Sunset Scarf Weaving Pattern
It's time for another free pattern and this time I'd thought I'd talk through the basics of how I design my handwoven scarves.
Photography has always been a passion of mine and I especially love taking photos of the landscape and sky around us.
Living in West Kilbride on the Ayrshire coast of Scotland has given me lots of inspiration over the years since we moved here. Regular walks down the beach and through the local glen, and watching the sky from our house have given me a library that I keep diving back to for new pattern ideas.
The sunset photo below is one such example of this and is the inspiration behind this post's pattern.
If I'm designing for a plain weave cloth I generally look at the colours from the photograph and then think of them as blocks of colour. So, in the photos above I would look at the clouds and take a generalisation of the different colours in the horizontal and then use these blocks to make the warp colour pattern.
I've simplified the colours quite a bit in this pattern and just taken the purple, a dark blue, red and yellow and decided to have them blend straight from one colour to the next. This gives the effects of the colour of the clouds blending together as they are in the photo.
The weft colours used are the same as the warp and playing with large blocks of colour again in the weft gives the striking effect of the sky in the photo.
I have ignored the trees in this photo this time but there's nothing to say that their colour and texture couldn't be used in another design.
I do have a habit of revisiting certain photos or days for inspiration as each time it could lead to another idea for patterns.
This method is easy enough to adapt to your own inspiration and photos. The joy of having great cameras on your phone these days does mean it's easy to take a quick snap of something and then come back to it later.
You could use photo editing software to pixellate or blur the photo which can help to see the colours.
There is also a very low tech method which is to look at your image and squint your eyes. You should be able to then see the colours become more fuzzy but defined. This is how I do it most of the time.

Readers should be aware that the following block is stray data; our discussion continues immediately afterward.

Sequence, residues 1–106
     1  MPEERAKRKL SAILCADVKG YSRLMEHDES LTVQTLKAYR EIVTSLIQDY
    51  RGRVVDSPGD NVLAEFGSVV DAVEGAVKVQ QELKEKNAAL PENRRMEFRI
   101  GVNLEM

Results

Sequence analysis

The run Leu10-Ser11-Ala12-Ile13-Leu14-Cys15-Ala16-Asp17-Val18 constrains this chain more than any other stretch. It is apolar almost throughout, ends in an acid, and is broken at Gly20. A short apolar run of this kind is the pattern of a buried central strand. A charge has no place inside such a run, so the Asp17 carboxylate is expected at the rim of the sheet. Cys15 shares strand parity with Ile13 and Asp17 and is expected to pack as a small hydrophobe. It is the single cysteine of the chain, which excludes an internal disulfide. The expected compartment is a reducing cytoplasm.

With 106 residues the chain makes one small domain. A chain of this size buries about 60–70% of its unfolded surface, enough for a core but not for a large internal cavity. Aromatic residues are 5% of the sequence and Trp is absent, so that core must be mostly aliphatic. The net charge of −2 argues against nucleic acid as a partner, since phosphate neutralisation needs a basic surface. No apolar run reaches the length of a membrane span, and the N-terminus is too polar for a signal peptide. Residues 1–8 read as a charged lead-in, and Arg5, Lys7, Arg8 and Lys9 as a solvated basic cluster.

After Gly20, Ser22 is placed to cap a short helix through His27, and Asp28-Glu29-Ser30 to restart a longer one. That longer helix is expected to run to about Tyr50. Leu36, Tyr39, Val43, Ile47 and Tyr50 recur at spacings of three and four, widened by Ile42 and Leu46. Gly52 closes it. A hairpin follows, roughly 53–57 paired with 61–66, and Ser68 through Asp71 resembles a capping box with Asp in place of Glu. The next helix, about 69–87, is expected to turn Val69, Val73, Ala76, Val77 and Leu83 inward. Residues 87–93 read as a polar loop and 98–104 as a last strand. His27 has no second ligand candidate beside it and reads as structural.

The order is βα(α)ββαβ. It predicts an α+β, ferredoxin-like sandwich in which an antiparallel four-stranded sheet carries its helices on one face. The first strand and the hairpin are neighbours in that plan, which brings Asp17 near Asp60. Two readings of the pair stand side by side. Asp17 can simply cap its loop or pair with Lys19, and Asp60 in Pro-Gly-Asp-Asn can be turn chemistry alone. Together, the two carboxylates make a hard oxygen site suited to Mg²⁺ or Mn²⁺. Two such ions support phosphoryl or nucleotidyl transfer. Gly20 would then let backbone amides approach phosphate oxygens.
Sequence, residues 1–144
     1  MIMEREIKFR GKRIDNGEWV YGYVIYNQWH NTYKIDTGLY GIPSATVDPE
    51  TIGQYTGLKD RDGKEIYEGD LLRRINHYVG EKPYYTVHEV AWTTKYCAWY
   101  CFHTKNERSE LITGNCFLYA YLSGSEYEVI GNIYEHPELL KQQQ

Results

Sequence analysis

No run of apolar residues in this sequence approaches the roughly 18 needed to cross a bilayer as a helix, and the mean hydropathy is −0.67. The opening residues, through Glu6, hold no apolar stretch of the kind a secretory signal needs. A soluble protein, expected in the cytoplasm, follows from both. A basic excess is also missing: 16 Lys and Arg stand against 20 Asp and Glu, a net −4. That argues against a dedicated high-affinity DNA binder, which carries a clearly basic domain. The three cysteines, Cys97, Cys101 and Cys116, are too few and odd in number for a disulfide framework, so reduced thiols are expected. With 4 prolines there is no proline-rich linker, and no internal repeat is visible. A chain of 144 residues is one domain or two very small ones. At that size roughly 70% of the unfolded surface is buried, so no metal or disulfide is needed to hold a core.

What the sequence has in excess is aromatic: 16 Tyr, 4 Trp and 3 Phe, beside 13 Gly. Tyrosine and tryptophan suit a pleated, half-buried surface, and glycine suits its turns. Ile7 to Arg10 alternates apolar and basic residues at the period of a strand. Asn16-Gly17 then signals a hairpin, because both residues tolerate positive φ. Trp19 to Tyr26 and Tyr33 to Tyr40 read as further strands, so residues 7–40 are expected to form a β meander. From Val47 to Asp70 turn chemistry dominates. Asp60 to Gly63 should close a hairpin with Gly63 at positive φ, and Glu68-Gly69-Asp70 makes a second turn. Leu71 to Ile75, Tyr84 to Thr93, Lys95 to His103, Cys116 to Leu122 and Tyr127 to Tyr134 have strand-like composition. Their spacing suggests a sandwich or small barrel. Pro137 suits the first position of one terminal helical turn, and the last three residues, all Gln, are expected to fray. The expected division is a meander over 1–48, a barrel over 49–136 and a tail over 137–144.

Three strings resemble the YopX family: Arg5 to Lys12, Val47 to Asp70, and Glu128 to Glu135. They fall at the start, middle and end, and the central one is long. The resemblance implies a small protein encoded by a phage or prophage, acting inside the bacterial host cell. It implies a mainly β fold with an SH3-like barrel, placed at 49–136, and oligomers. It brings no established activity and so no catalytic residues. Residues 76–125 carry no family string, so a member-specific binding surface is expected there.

Now you know how the pattern came about it's about time to give you the actual pattern.
You can buy this pattern with the yarn as a kit which you can find on our website here.
My aim is to make our blog patterns available to everyone so that's why we are posting the patterns for free on our website as well as selling them as kits.
Sunset Scarf Pattern
Rigid Heddle Loom. You can also use a table loom at the same sett as for the rigid heddle loom and weave as plain weave or for a twill use a sett of 10 dpi.
7.5 or 8dpi
Weaving width in Reed: 25cm/10"
Eden Cottage Yarns Millburn DK in
1x50g ball in Harvest Gold
1x50g ball in Dogwood
1x50g ball in Night Sky
1x50g ball in Damson
This yarn does give a lovely silky smooth drape but you can use any other DK yarn in similar or different colours. For choosing contrasting colours check out our Cornish Summer Skies blog post.
Warp Length: 2.5m/8'2"
Total Number of Warp Threads: 78
Thread your loom in the following colour order with the number being a single warp thread.
The weft stripes can be as big or as narrow as you want them to be. You can also weave the stripes following the warping order too. Remember that this is your scarf that you are weaving so feel free to make it your own.
Do make sure that you are not beating too hard and also that you start the next colour to the opposite side of where you finished the last colour.
Finishing your cloth:
Once you've finished weaving you can either knot your fringes or twist them and knot them. Wash your cloth in a sink of hot water with wool wash and then remove excess water. Iron your scarf whilst it's wet and then lay flat to dry.
Finished Size after washing:
21cm/8" wide by 1.9m/6’5” long excluding fringes
I'm more than happy for you to make this scarf in other yarns in other colours so do feel free to use your stash or use other yarns.
I'd love to see your finished versions of this scarf so if you do please tag #weftblown and we will see what you've made.
I hope this pattern helps to give you an idea on how to design your own scarves and patterns and if you need help then you can email us at firstname.lastname@example.org. Unfortunately we don't get notifications on comments on our blog posts so email is the easiest and best way to get in touch.
The pattern is made available for personal use only.